My friend doesn’t know that I know she had an abortion 41 years ago. She doesn’t need to know I know. In fact she needs to believe that I don’t know, because she thinks if I and others knew about it, the other things we know about her, that she is a kind, loving, precious Christian person, a wonderful mother and grandmother, devoted wife and model citizen – would be disregarded. That one piece of knowledge would taint every good other thing she is about.
Truth is, lots of water rolls under a bridge in 40 plus years. We do things we may regret and go on or we don’t do things because we are so afraid and overwhelmed, we just can’t believe there is an alternative. And we go on.
So my friend doesn’t know that I know, so she can’t know that that day months and months ago, when we were sitting beside each other in bible study and the lady across the room made those condemning statements, I prayed (again) for peace for my friend.
This is the thing about being my age (63), living in a city where I came to college 45 years ago and lived in a large women’s dorm. There were “girls” whose friends took on the task of driving them to New Mexico for the weekend for unexplained reasons, and who came back and no one ever mentioned that trip or its purpose again.
And those girls are women now. Some of their daughters have been in places in their lives and caught in the dilemma of an unplanned pregnancy. The issue is hardly a new one, but we forget one generation to the next.
I used to tell my Sunday school students, that had things been done according to the strict laws of the time, Mary would have been stoned at the city’s outer wall because she was having a baby and she wasn’t married to Joseph. So no, it’s not a new discussion, nor apparently, are government sanctions.
In my friend’s case, she was about to be a college freshman, dating a guy she was ill-suited for, whom she realized too late was using her for – well – you can figure it out.
The discussions and decisions about these kinds of things never change. Hate to say it, but haters are going to hate; people are going to judge; and desperate decisions are going to be made. Talkers are going to talk, but listeners probably aren’t going to listen. One side doesn’t listen to the other.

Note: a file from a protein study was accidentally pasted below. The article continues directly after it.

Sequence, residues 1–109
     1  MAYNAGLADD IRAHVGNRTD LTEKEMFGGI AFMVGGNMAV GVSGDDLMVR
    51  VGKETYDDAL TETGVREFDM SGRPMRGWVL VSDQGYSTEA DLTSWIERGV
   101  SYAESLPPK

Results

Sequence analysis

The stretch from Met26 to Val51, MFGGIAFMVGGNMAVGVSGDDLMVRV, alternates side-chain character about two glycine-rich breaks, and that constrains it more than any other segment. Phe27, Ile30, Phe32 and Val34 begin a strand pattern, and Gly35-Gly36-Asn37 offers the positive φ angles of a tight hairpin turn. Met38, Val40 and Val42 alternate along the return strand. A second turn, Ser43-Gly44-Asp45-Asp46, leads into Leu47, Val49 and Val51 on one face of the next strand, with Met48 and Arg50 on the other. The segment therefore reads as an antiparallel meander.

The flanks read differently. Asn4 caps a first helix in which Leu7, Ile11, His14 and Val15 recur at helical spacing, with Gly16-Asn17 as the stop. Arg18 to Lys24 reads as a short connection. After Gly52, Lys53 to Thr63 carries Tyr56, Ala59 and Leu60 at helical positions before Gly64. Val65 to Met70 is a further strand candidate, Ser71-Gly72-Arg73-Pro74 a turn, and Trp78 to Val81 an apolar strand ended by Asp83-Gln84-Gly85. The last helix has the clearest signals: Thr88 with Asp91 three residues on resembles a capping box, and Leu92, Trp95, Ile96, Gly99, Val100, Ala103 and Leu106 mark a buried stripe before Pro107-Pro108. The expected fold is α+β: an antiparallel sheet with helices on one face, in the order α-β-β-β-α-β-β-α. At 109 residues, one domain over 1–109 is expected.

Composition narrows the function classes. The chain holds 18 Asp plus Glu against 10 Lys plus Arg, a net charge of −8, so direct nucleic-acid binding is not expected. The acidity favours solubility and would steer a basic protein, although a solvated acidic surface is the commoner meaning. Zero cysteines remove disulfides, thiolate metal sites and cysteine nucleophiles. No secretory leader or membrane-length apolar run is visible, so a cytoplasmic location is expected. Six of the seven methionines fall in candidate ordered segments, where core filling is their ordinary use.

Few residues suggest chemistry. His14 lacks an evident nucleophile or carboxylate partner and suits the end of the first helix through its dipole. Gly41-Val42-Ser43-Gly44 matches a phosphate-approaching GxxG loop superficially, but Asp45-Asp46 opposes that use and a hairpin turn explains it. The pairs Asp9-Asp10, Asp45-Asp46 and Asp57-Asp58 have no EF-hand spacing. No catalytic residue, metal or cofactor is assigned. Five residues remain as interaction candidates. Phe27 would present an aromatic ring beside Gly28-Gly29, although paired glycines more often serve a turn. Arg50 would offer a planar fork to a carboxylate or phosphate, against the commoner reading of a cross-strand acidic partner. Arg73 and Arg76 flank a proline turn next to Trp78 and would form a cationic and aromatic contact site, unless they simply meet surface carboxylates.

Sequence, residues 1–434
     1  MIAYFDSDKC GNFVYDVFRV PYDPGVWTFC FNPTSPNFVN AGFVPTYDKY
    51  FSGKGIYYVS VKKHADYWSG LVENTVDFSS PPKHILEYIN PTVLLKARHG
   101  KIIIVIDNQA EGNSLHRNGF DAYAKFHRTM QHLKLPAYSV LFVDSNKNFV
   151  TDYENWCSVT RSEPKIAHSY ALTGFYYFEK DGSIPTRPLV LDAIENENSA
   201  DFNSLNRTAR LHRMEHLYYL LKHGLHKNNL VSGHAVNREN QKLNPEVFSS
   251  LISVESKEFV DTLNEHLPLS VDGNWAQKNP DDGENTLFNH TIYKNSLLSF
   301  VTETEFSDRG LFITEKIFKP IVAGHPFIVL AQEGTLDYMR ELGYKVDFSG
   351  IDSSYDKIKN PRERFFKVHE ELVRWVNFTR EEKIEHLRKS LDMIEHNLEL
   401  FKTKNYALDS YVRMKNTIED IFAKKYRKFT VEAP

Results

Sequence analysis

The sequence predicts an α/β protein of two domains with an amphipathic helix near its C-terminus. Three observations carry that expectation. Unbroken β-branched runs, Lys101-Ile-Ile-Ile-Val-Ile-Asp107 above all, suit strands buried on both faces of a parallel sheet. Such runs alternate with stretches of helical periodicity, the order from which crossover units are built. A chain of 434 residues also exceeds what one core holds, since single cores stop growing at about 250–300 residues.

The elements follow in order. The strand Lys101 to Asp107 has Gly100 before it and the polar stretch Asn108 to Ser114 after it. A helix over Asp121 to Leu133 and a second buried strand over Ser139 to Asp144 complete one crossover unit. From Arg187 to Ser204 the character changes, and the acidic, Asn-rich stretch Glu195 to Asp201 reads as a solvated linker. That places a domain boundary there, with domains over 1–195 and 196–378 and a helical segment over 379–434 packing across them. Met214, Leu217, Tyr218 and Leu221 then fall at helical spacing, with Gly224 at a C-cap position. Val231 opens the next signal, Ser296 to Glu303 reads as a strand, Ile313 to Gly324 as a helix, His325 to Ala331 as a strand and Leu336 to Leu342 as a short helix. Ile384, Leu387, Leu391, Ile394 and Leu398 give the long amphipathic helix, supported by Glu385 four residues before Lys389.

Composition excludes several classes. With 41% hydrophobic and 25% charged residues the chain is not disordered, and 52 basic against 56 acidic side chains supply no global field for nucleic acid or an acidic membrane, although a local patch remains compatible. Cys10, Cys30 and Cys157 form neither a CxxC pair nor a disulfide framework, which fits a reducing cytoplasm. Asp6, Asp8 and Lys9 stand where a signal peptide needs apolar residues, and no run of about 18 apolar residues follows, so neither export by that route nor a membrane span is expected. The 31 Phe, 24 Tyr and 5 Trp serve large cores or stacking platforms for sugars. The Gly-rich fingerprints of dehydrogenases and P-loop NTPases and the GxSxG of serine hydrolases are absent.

I usually avoid political discussions like this, for all the reasons listed above. I’m more liberal than my conservative friends think I am; more conservative than my liberal friends think I am. But the other day, when my middle son called me during his afternoon commute to tell me – at nearly 30 – he’s seeing signs of adulthood. He was listening to NPR – a telltale indication by his own thinking.
So, he wanted to talk about things. John Boehner’s resignation, this, that, Planned Parenthood funding (or lack of). He asked me (Me?) about things. “Abortion is such a miniscule part of what Planned Parenthood is about, I’m just afraid they’re not thinking this out,” he said.
We went there. Yes. We did. Talking about things I usually refuse to talk about. Now I can’t let it go.
I think we use two too pretty phrases to describe our stance on a very sad and ugly issue, I told him. People who say they’re pro-choice aren’t in the moment of making a choice, so they can call it a freedom. The people in the so-called moment of making the choice have waited too long to make an easy choice. So they’re making a desperate decision they feel that’s been forced on them.
People who say they’re pro-life are really more pro-birth. Bringing a baby into the world isn’t the hardest part. In fact that part is relatively easy. But feeding the child, providing clothing and shelter, nurturing and educating the child, loving the child and supporting it, committing more than 20 years to raising it and another 20-plus to fretting over it, that’s the pro-life part we should all be in support of.
This is what I believe. That we are here by the grace of God and some of us, by the grace of God, are not there. And whether it’s here or there, we should try – try – to be a little more understanding and compassionate toward one another. Judge not, less we be judged.
Candace Cooksey Fulton is a freelance writer, formerly of Brownwood, living now in San Angelo. She can be reached at email@example.com.